By Indians?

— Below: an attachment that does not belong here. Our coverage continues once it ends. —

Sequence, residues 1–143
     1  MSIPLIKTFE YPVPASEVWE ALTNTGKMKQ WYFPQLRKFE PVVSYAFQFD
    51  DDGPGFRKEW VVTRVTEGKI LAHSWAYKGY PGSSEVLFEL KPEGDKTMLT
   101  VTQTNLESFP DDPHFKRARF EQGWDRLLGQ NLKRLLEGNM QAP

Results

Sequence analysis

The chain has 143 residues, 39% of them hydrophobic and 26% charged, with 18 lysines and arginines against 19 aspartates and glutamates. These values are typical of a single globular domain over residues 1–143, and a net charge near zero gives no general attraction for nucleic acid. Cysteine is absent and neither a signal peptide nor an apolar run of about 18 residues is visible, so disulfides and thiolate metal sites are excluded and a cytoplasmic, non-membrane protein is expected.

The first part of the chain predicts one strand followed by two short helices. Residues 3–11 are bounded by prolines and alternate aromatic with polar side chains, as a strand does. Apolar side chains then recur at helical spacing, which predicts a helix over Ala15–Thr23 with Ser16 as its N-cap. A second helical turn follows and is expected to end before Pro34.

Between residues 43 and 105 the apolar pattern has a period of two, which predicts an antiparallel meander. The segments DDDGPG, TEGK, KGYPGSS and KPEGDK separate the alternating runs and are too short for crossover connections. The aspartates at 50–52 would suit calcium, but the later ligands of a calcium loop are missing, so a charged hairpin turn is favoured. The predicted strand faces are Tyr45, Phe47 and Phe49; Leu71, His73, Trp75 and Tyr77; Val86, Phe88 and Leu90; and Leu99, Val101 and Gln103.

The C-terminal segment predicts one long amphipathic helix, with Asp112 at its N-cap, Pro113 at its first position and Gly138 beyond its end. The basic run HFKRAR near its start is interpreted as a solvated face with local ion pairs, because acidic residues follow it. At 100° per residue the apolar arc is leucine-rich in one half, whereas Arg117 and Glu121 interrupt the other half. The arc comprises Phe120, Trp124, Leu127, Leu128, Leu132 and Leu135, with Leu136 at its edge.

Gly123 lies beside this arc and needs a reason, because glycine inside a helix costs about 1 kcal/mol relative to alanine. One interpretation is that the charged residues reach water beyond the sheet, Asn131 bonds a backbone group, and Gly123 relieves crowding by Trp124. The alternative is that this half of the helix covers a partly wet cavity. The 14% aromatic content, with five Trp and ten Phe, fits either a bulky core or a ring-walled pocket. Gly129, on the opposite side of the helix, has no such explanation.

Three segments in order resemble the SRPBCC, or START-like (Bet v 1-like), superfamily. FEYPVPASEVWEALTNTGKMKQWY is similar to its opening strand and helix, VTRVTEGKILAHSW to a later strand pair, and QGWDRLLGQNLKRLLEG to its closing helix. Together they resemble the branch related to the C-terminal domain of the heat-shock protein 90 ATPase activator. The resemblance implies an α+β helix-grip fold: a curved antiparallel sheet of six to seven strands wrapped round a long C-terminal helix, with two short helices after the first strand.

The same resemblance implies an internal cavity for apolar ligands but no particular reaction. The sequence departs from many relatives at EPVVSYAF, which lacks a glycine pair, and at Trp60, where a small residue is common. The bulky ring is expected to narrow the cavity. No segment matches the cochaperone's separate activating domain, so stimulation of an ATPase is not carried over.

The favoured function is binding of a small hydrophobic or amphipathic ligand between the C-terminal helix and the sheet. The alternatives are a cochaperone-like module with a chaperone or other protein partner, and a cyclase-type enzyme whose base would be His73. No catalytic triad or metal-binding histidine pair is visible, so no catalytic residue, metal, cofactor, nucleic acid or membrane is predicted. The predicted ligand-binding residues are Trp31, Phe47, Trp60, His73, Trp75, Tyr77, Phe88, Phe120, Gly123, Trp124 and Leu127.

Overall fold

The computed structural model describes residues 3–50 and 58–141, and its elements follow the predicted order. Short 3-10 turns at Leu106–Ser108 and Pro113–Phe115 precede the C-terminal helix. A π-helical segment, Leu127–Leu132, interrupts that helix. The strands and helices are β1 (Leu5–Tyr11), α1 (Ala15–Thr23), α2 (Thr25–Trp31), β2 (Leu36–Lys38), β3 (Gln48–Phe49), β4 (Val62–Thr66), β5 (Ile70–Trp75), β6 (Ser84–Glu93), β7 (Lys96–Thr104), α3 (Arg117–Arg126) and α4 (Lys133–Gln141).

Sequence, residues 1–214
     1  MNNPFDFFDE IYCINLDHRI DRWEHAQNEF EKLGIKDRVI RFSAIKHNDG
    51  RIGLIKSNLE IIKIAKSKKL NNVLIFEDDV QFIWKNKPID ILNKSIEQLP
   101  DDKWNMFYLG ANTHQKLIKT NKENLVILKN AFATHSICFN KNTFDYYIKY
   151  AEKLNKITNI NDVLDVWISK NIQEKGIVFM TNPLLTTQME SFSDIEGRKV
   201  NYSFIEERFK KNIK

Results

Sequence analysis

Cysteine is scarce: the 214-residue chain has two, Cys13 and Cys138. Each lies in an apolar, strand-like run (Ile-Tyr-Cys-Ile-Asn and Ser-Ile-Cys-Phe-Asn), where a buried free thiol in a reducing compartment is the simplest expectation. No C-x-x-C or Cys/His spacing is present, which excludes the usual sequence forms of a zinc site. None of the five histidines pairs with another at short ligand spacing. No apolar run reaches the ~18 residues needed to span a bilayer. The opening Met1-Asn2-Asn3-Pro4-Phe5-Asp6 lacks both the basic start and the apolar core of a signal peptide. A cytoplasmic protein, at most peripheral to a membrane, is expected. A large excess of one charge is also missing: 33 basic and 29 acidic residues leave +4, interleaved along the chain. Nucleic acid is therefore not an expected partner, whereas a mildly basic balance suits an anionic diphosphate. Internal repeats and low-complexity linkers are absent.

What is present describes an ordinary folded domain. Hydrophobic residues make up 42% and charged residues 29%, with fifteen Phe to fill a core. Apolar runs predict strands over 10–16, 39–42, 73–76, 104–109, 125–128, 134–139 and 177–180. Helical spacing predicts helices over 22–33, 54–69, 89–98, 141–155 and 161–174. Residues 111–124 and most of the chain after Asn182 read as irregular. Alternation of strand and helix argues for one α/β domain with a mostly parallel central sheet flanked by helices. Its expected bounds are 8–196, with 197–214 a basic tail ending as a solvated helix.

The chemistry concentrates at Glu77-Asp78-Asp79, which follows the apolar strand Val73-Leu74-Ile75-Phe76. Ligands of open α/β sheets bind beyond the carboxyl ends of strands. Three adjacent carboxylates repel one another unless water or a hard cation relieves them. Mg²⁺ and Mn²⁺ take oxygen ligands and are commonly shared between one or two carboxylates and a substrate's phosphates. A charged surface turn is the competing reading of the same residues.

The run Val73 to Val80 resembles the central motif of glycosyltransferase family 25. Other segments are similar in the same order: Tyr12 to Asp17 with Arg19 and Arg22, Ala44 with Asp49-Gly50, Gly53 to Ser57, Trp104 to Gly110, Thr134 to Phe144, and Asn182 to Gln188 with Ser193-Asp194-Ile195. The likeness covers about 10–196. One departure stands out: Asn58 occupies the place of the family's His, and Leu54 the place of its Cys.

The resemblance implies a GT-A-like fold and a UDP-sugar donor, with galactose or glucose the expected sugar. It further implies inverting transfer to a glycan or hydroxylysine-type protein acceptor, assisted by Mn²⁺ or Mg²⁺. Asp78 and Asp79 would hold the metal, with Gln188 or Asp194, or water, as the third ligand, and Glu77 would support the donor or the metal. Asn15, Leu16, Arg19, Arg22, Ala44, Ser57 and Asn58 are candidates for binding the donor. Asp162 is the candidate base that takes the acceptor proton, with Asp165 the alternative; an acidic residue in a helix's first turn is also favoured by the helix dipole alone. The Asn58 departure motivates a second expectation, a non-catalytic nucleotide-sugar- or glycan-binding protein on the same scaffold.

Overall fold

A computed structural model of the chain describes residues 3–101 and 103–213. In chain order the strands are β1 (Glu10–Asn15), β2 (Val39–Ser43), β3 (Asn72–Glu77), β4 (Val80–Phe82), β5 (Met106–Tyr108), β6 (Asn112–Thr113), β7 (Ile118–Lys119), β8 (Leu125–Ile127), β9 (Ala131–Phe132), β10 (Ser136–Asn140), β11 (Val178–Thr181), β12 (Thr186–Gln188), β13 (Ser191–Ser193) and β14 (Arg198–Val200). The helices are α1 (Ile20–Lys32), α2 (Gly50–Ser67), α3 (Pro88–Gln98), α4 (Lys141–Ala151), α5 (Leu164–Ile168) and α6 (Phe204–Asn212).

By Indians, who were themselves attacked for having so carried her into the house. Miss Sherwood after her return to England, I think I am correct in saying, went to see the Secretary of State for India, and declined to accept any money compensation. She would not take blood-money from this country. I have seen her. I have seen General Dyer and Sir Michael O'Dwyer. Miss Sherwood has asked me to read to the House of Commons a letter which she has written, and I crave the indulgence of the Committee while I read it. It is a letter from an Englishwoman on the spot who, even after her ill-treatment, still hopes and intends to go back to the Punjab. She says: I have lived in the Amritsar neighbourhood for nearly fifteen years, and my work in connection with the Church of England Zenana Missionary Society has brought me into close contact with the homes of the Punjab, both in village and city. Moreover, I was superintendent and manager of the City Mis- sion Schools for over 600 girls, Hindu and Mohammedan, at the time of the riots. As is known to you, I was almost killed on the 10th of April, and was, in fact, left for dead in the streets of Amritsar. I was picked up and carried into the Fort, where I lay for nineteen days before I could be removed to England. During that time I heard all about the further riots and the shooting on the 13th from people who were in touch with what was happening. In March people in the Amritsar bazaars were talking of striking. The prospect of the police even joining in was discussed. I want the Committee to realise the position of affairs in Amritsar and the whole of the Punjab. 'Never mind if they don't, we ourselves will fight,' is a translation of the actual words used. On the day I was wounded I saw men tearing down poles from shop awnings and seizing hold of anything likely to serve for a weapon, and rushing out of the city to a given rendezvous. To teach the people that a wrong was done them (as seditionmongers are doing, backed by English people) is a cruel and wicked thing, and, far from mending matters, will make them infinitely worse. No Indian in writing or conversation with me has referred to the repression measures as other than meet and right under the circumstances. I should like to say that, loving the people as I do, having worked amongst them for years, and still hoping to go back to India, I am convinced that there was a real rebellion in the Punjab, and that General Dyer saved India and us from a repetition of the miseries and cruelties of 1857. I have letters from five other English missionary ladies who were in Amritsar at the time, and who went though this terrible time. All asked me to implore the House of Commons not to do this great wrong to General Dyer. One account says: The children had no milk, but only bully beef, and there were no sanitary conveniences in the Fort. We had a terrible time, recalling the days of the Mutiny, which was a very, very bad time for the English women and children. Another account: I was sixteen days in the Amritsar Fort in April, 1919, in consequence of the deplorable riots which took place, and I wish to do my part in strongly protesting against the injustice being done to General Dyer, who, I believe, did his duty and saved us from unspeakable horrors. I have lived in India longer even than Miss Sherwood, and love India's people very dearly, but in such crises only those on the spot can judge as to what action to take, and they, according to British tradition, should be justly treated. What was the condition of affairs before General Dyer struck his blow—this inevitable and necessary blow on 13th April? One would imagine, from all that is being said, that General Dyer, a bloodthirsty English officer, found this gathering perfectly peaceful on the Jullianwala Bagh, and had said, "We must destroy this crowd, we must fire merely for the love of firing." The whole of Northern India was in what amounted to revolt and rebellion in the early part of April, 1919. From Calcutta to Peshawar and from Lahore to Bombay there were sporadic revolts and riots all over the country.